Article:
To get well over three thousand signatures, you have to ask at least ten thousand times. I wish I was joking, but I’m not even a little bit joking. You also have to repeat yourself ten thousand times. Believe me when I tell you that that is FUN!!!!
But when you contact ten thousand people, whether in person, over text, on Facebook, through email, or even through snail mail, you get one very significant perk: contacts that can help you later.
Those contacts I just spoke of? Yeah, they might be really, really sick of me right now, but that won’t last. They won’t remember me asking them ten times for the same thing or coming at them three or four different ways because I just couldn’t get people to respond.
No, I think when these signatures are in the rearview a little ways, they’ll remember a dude that worked his ASS off to get on the ballot because the reasons why I NEEDED to run for office were important enough that a few uneasy or awkward interactions were simply a price I had to pay. I did what I had to do, and if people avoided me because of it, it was a risk I had to take.
I learned a lot about voters. What I learned is not so much about the makeup of parties, though. I still believe nationwide that there is 20% of the population on the left that are straight ticket Democratic voters. Likewise, there are 20% on the right that are straight ticket Republican voters. That means – and I truly believe this – that there are 60% of voters who are either true centrists, personality/principles voters, non-voters, they have a poor voting record, they are registered unaffiliated just for the anonymity of it, or they simply just do not care about politics.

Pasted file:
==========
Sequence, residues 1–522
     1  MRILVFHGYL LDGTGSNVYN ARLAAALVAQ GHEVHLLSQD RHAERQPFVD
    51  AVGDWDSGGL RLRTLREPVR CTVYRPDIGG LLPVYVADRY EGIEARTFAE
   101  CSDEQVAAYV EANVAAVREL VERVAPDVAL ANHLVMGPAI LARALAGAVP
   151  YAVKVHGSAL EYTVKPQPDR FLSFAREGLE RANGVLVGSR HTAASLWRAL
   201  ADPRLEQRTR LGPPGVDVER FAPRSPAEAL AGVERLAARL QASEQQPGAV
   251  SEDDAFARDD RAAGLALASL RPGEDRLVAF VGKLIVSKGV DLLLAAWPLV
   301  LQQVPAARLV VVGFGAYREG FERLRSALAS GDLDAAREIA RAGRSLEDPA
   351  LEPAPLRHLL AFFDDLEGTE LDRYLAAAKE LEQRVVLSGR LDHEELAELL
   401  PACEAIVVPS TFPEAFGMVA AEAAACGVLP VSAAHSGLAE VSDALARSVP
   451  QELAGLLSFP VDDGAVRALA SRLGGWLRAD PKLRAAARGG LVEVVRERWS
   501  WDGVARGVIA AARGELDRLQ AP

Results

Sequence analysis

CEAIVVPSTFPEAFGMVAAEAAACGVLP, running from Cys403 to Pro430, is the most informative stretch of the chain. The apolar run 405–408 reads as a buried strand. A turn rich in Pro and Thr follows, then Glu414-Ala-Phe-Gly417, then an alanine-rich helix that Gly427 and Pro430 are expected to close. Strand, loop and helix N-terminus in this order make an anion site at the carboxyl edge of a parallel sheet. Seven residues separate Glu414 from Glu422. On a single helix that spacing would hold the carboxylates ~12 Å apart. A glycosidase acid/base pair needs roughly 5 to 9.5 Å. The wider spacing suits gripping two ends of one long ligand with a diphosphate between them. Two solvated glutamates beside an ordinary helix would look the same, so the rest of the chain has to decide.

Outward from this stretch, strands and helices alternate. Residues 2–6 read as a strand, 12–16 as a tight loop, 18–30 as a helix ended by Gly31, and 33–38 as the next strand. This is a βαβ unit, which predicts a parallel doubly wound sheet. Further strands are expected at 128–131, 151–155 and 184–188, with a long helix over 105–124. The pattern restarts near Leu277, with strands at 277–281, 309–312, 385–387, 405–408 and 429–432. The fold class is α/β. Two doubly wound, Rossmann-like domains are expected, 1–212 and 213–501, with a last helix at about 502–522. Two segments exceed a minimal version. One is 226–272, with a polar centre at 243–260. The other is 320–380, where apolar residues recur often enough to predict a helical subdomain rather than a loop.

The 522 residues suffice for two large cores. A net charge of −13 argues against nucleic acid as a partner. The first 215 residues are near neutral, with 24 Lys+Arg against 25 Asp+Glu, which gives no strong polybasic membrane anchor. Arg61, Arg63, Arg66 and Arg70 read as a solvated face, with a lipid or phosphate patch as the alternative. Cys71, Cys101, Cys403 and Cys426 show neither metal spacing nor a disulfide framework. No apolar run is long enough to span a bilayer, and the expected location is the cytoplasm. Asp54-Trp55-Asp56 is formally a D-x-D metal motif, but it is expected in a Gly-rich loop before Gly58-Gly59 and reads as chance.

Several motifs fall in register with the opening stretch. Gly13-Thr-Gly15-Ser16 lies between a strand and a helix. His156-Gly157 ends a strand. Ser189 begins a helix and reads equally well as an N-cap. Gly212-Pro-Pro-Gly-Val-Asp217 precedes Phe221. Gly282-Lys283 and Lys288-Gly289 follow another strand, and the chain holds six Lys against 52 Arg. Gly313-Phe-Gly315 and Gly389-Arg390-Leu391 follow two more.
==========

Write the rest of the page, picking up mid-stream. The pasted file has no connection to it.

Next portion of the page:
But this is the big thing I learned about voters. In Johnston County, about 30% of the county is politically bright red, and they will show up at EVERY election and they will vote straight Republican. About 20% of the county is bright blue, and they will show up at EVERY election and they will vote straight Democrat. The middle fifty percent – a group in which only about half of them will care enough to even vote – probably lean one way and typically vote one way, but they can be swayed. So if I can get that middle 50% to actually show up at the polls, anything is possible.
I learned a lot about myself as a person. I’m freaking tough, y’all. I honestly didn’t think I was this tough. I mean, I’m a little doughy and overweight by 20 pounds or so and I can’t run too fast or my heart might explode and the thought of sleeping outdoors nearly makes me cry, but I have become one mentally tough son of a bitch.
You don’t get rejected literally thousands of times, you don’t step over countless unexpected obstacles, and you don’t will yourself almost daily to fight long enough just to get through the day without gaining a very odd but reassuring confidence in yourself. The way I feel most days now is a feeling I’ve only witnessed in Hollywood stories where the trailer says, “Based on a true story” because the protagonist must overcome overly dramatized obstacles, but I can suddenly relate. I mean, my own father didn’t think I could do this. He only told me after the fact, but he honestly didn’t think we could pull it off. That’s awesome.
I learned a lot about myself as a candidate. And what I learned is the one and only thing I have to continue to do consistently. I took a risk in doing something that the silenced political middle was not going to do. Most of them were going to sit back and watch (or simply complain on the internet) about the party extremes on both sides, and they were going to feel more and more hopeless and politically nomadic.
But what I learned during these past five months is that they absolutely DO have a voice, and I’m growing surprised at how many voices there are. I’ll happily be their spokesman, but I cannot be heard without the grassroots chatter that they can produce on smaller, everyday scales.